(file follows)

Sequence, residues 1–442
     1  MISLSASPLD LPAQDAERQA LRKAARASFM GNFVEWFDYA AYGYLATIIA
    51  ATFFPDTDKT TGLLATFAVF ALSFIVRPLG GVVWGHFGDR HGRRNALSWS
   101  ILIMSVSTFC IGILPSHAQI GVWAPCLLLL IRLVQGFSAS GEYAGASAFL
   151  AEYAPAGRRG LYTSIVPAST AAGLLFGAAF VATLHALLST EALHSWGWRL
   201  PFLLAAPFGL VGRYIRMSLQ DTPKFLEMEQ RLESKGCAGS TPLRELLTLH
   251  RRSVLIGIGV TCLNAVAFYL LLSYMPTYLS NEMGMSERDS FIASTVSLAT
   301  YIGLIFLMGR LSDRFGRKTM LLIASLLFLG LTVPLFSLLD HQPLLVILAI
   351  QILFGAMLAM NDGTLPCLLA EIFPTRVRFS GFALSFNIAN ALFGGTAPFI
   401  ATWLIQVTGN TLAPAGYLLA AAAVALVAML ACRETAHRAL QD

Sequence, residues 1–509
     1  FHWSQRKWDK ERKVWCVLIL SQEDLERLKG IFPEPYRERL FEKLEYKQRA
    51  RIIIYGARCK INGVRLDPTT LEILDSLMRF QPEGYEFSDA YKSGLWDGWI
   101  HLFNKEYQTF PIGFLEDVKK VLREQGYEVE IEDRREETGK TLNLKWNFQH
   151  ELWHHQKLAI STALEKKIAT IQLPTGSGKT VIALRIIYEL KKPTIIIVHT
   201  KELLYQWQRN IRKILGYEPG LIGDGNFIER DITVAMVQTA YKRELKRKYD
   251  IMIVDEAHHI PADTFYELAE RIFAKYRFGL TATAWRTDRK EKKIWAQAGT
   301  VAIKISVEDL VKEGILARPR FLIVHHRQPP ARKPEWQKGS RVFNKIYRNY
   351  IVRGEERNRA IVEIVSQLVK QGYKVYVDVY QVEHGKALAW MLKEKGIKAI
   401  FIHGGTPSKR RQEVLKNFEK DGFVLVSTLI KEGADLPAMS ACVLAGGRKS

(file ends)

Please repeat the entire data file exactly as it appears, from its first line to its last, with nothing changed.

Sequence, residues 1–442
     1  MISLSASPLD LPAQDAERQA LRKAARASFM GNFVEWFDYA AYGYLATIIA
    51  ATFFPDTDKT TGLLATFAVF ALSFIVRPLG GVVWGHFGDR HGRRNALSWS
   101  ILIMSVSTFC IGILPSHAQI GVWAPCLLLL IRLVQGFSAS GEYAGASAFL
   151  AEYAPAGRRG LYTSIVPAST AAGLLFGAAF VATLHALLST EALHSWGWRL
   201  PFLLAAPFGL VGRYIRMSLQ DTPKFLEMEQ RLESKGCAGS TPLRELLTLH
   251  RRSVLIGIGV TCLNAVAFYL LLSYMPTYLS NEMGMSERDS FIASTVSLAT
   301  YIGLIFLMGR LSDRFGRKTM LLIASLLFLG LTVPLFSLLD HQPLLVILAI
   351  QILFGAMLAM NDGTLPCLLA EIFPTRVRFS GFALSFNIAN ALFGGTAPFI
   401  ATWLIQVTGN TLAPAGYLLA AAAVALVAML ACRETAHRAL QD

Sequence, residues 1–509
     1  FHWSQRKWDK ERKVWCVLIL SQEDLERLKG IFPEPYRERL FEKLEYKQRA
    51  RIIIYGARCK INGVRLDPTT LEILDSLMRF QPEGYEFSDA YKSGLWDGWI
   101  HLFNKEYQTF PIGFLEDVKK VLREQGYEVE IEDRREETGK TLNLKWNFQH
   151  ELWHHQKLAI STALEKKIAT IQLPTGSGKT VIALRIIYEL KKPTIIIVHT
   201  KELLYQWQRN IRKILGYEPG LIGDGNFIER DITVAMVQTA YKRELKRKYD
   251  IMIVDEAHHI PADTFYELAE RIFAKYRFGL TATAWRTDRK EKKIWAQAGT
   301  VAIKISVEDL VKEGILARPR FLIVHHRQPP ARKPEWQKGS RVFNKIYRNY
   351  IVRGEERNRA IVEIVSQLVK QGYKVYVDVY QVEHGKALAW MLKEKGIKAI
   401  FIHGGTPSKR RQEVLKNFEK DGFVLVSTLI KEGADLPAMS ACVLAGGRKS